Theater Director Resigns Amid Gay-Rights Ire

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    Nov 13, 2008 4:00 PM GMT
    Imagine this idiot contributing a thousand dollars and then acting like he didnt think anybody would mind! ... icon_rolleyes.gif

    http://www.nytimes.com/2008/11/13/theater/13thea.html
  • coolarmydude

    Posts: 9190

    Nov 13, 2008 4:58 PM GMT
    Confessions of a DOUCHE BAG:

    theater190.jpg
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    Nov 13, 2008 5:07 PM GMT
    Schmuck
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    Nov 13, 2008 7:33 PM GMT
    The funny thing is that he say's only expressing his civil right of free speech while apparently is too dim to see that the civil right he was using was to eliminate the civil rights of others.

    We in the Gay Community already have fewer rights than he, so it behooves us to utilize the few rights we do have.
  • GQjock

    Posts: 11649

    Nov 13, 2008 11:15 PM GMT
    Wow ..... I bet there were a lot of sequins being thrown around backstage when that Cat Got out of The Bag icon_eek.gif

    B - Bye Mr Eckern ...
    Hope you got a lot left in your 401K ... maybe The Salt Lake Ladies Auxiliary will be putting on a production of Cats

    ...ya never know icon_wink.gif
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    Nov 13, 2008 11:56 PM GMT
    bgcat57 saidThe funny thing is that he say's only expressing his civil right of free speech while apparently is too dim to see that the civil right he was using was to eliminate the civil rights of others.


    I never did understand how that thought process worked for people.
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    Nov 14, 2008 12:27 AM GMT
    He sends $1000 to support a group that will institutionalize inequality for people he works with every day and people who support his organization and he talks about "hurt feelings." What a colossal failure of empathy and humanity.

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    Nov 15, 2008 8:17 PM GMT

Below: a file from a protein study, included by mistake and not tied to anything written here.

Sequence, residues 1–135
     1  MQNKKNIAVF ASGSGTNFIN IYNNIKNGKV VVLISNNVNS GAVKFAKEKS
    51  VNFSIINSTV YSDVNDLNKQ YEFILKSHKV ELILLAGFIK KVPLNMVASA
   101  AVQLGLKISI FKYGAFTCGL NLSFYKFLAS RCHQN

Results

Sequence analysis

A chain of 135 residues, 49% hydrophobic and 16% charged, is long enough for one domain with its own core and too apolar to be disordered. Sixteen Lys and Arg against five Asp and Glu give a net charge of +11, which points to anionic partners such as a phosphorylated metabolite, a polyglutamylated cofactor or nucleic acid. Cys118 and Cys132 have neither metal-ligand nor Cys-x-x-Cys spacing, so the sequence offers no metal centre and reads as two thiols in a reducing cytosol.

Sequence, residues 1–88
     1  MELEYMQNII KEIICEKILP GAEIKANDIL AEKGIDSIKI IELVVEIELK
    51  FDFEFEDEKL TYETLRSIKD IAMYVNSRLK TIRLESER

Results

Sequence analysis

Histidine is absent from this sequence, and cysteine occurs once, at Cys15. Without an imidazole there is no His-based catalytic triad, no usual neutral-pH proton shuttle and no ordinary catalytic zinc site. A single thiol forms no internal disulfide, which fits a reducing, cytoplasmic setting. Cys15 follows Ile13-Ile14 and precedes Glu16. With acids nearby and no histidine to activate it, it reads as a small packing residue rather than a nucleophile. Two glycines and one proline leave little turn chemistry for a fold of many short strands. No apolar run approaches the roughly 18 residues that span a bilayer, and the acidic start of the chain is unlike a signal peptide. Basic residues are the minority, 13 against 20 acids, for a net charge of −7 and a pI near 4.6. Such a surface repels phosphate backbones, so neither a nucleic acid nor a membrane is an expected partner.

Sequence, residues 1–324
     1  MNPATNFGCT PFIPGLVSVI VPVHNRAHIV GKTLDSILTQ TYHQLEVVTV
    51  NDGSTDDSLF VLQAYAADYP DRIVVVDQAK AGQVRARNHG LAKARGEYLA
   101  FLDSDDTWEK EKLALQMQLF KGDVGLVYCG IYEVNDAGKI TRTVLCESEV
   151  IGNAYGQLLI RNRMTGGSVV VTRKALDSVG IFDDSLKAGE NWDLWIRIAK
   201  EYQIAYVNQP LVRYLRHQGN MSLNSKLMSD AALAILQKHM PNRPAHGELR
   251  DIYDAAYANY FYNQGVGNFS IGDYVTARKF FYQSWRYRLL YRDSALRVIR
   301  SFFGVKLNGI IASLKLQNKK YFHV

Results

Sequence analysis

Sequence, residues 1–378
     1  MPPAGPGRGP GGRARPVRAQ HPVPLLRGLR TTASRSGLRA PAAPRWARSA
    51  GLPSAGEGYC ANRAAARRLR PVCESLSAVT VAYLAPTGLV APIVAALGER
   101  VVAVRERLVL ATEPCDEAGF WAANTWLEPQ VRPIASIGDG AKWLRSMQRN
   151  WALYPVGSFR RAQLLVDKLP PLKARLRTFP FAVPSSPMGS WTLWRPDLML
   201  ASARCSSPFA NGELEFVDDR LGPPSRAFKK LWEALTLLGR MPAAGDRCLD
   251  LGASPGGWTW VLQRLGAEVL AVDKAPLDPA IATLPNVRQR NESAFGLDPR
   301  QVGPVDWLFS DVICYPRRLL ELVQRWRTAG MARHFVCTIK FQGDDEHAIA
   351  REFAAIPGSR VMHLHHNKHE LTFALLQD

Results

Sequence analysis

All that's missing now is the press conference where he whines about being the victim of those intolerant homos.
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    Nov 15, 2008 9:13 PM GMT
    And I think Marc Shaiman's closing comment in the article bears repeating, too - here and on other threads and other forums:

    ... Mr. Shaiman, who said that some of the pain being felt among gay theater artists after passage of Proposition 8 has been self-inflicted.

    “Our anger is against ourselves, too, that we were too compliant,” he said. “It was beyond our ken that this could ever happen. But we were terribly, terribly wrong.”


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    Nov 16, 2008 4:14 AM GMT


    Perhaps not to blame, in that no-one we know of up here (straight and gay) ever anticipated a vote to remove a human right would pass in a country that takes pride in itself and presents itself internationally as being free....

    Perhaps the only fault is that so many had faith in their fellow man..
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    Nov 16, 2008 5:55 AM GMT
    The 5% difference between winning or losing on Prop 8 may seem like a mountain to some, an insult to others, or to some, abject failure on the part of the "NO" side. I don't think it's any of those things.

    It's half a million votes out of more than 10 million cast. It's a loss, to be sure, but it's a pretty fair representation of how America feels about same sex marriage, according to polls. (The same polls that show a healthy majority in favor of gay rights other than marriage and military ... which suggests that some convincing still needs to be done, but we shouldn't be thought as defeated by the various "save traditional marriage" initiatives that passed across the country this year (contrary to S Palin's belief that those wins show true conservatism is alive and well.)

    The no side on Prop 8 gathered about 300K more votes than the yes side on California's Prop 22 of 2000 (the earlier "save str8 marriage" initiative) Looked at another way, the Yes side gathered about 770K more votes than last time. The NO side (our side) increased their total by more than 2 million votes. In 2000 the margin of defeat was about 13.5 % - so we have an 8.5% improvement.

    These are promising trends, no two ways about it. As always with a loss, the reasons need to be examined, and a new strategy devised. But "blaming" every convenient target from the winning side for betraying us isn't as useful as looking at where we failed to put across our message - or, indeed, where we succeeded, so we can repeat that strategy elsewhere.

    Now, as to director Scott Eckern, whether he should have paid with his job is one thing. The drama he faces his lesbian sister ... priceless.